Glaucoma is a disease that affects the optic nerve in the back of the eye.
What Is Glaucoma?
Glaucoma is a disease that causes progressive damage to the optic nerve in the back of the eye. Over time, this can cause irreversible vision loss. The optic nerve carries information from your retinal cells to your brain, where images are interpreted. Elevated pressure in the eye is the strongest risk factor for someone to develop glaucoma.
Glaucoma does not typically cause any symptoms, even while damage is being done. Glaucoma risk is higher in those with a family history, so if you have a relative who has known glaucoma, unexplained poor vision, or uses eye drops for high eye pressure, be sure to have an eye exam to rule out glaucoma. Glaucoma is also more prevalent in African and Hispanic Americans. African-Americans are usually affected earlier in life and can present with a more aggressive disease compared to Caucasians. Early detection and treatment are the keys to preventing vision loss due to glaucoma.
The most common type of glaucoma, open angle glaucoma (OAG), occurs when there is poor outflow of fluid inside the eye. This leads to an increase in the intraocular pressure, which can lead to progressive loss of optic nerve cells and eventually vision loss.
There is no cure for glaucoma – yet. However, medication and/or surgery (both incisional and glaucoma laser surgery OKC) can slow or prevent vision loss. The appropriate treatment depends upon the type of glaucoma and many other different factors, best determined by your physician.
Types of Glaucoma
There are two major types of Glaucoma: open-angle glaucoma and angle-closure glaucoma.
- Vision is suddenly blurry
- Severe eye pain
- Halos around lights
Angle-closure glaucoma may occur suddenly (acute angle-closure glaucoma) or gradually (chronic angle-closure glaucoma). Acute angle-closure glaucoma is a medical emergency.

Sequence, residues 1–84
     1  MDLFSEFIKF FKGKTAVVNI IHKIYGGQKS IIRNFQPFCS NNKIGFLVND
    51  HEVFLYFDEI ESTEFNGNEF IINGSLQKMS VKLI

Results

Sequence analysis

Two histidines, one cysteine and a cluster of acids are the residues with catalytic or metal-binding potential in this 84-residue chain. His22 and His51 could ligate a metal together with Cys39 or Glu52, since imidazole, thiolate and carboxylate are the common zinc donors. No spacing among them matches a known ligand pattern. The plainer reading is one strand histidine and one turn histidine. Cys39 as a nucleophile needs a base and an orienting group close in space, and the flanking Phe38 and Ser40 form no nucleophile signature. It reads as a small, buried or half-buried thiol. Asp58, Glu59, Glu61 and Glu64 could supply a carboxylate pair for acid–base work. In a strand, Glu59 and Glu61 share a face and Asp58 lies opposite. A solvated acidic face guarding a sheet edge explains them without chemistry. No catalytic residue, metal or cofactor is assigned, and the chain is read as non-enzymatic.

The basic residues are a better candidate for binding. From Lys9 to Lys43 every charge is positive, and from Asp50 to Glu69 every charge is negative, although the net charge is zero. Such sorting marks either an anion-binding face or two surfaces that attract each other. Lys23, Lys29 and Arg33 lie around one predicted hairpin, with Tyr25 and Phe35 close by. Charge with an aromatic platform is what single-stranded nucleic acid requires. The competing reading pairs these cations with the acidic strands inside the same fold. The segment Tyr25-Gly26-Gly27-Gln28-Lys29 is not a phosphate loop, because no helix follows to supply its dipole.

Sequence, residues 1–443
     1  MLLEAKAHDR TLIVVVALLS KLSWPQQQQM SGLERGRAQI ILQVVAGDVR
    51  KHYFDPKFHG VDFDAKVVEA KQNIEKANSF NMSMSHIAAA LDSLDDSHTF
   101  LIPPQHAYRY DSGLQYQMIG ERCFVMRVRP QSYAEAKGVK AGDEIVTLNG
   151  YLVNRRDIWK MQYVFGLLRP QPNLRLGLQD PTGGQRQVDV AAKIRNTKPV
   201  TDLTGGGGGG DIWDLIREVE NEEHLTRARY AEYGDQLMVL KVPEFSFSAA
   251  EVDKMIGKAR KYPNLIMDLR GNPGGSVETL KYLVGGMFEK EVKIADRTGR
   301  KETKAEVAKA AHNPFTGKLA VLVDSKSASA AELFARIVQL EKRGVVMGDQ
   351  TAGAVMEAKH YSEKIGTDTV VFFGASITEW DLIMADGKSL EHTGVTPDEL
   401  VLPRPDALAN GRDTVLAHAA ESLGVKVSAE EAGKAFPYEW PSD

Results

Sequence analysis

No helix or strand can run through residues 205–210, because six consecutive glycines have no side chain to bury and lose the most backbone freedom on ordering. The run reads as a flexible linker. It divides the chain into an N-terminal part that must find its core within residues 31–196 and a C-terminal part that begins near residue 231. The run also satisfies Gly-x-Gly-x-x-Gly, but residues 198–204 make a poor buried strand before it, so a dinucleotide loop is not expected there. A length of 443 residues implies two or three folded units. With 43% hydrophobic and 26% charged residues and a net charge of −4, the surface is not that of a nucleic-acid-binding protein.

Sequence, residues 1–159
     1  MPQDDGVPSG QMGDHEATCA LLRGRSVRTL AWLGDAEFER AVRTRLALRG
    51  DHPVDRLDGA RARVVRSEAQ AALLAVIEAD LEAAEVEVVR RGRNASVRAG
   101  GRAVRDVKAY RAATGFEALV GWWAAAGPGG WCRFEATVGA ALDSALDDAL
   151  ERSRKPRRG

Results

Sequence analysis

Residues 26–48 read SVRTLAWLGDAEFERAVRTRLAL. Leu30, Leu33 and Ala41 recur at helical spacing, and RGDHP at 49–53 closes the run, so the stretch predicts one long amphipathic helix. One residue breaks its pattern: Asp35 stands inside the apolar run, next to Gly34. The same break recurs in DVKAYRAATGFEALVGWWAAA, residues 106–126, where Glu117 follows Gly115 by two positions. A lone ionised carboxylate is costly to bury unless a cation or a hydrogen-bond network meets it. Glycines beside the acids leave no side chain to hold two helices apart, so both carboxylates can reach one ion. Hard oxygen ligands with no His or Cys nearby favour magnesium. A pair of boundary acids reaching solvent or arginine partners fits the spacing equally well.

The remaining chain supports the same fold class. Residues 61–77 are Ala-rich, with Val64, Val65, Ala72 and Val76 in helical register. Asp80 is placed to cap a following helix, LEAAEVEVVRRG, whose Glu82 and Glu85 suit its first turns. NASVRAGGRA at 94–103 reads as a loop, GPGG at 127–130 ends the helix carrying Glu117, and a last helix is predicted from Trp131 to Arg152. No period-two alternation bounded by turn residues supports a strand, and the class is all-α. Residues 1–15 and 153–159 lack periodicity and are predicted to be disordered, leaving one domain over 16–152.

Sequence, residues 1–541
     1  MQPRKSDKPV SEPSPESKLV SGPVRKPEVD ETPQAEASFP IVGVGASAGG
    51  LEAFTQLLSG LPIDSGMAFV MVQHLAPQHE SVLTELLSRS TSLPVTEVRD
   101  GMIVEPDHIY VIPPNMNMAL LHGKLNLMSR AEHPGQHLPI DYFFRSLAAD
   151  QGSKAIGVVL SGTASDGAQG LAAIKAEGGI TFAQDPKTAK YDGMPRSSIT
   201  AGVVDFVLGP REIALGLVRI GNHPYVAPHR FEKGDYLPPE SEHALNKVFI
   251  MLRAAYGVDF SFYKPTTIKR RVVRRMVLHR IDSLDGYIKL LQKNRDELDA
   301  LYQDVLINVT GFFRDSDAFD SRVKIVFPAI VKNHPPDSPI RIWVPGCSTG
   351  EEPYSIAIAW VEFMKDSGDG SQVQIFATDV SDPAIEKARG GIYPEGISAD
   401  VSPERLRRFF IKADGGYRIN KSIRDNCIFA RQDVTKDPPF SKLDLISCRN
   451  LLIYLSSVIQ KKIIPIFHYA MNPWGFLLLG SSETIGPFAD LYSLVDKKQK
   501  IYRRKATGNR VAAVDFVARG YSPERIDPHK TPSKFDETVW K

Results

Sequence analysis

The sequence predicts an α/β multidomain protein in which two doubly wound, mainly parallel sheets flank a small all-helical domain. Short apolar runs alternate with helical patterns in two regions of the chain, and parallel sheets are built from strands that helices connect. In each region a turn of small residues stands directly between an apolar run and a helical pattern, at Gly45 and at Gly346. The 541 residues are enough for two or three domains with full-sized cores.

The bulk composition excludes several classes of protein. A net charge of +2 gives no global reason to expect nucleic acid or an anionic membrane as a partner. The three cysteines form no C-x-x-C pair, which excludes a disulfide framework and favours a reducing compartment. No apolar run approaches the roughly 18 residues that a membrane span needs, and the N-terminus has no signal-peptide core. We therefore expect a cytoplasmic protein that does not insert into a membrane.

Are You at Risk?
Glaucoma is the leading cause of blindness among African-Americans. It is six to eight times more common in African-Americans than in Caucasians.
Family history increases the risk of glaucoma four to nine times.
Eye injury, chronic steroid use, poorly-controlled diabetes, and previous surgery are other risk factors that may increase the risk for glaucoma.
How Will My Physician Treat My Glaucoma?
Several topical eye medications can be used, in addition to laser or incisional procedures as deemed necessary by your doctor.
Regularly scheduled eye exams are required to assess response to treatment and disease stability.
Glaucoma laser surgery OKC procedures may be used as first-line treatment, in combination with drops, when drops alone have failed to control your pressure. These procedures are usually done in the BVA office.
Glaucoma surgical treatment has shifted tremendously in the last ten years from more invasive procedures such as trabeculectomy and tube shunts to more micro-invasive devices. Many glaucoma specialists have adopted this “interventional” approach for earlier surgical intervention, especially with the proven success of these safer MIGS (micro-invasive glaucoma surgery) procedures. The belief is that if we can augment patients’ own physiological tissues by “stenting” to enhance their outflow, then we can prevent or delay the need for more invasive surgeries that oftentimes “bypass” patients’ natural outflow systems. Many of these procedures are performed at the time of cataract surgery. These procedures are usually performed in a hospital or surgery center.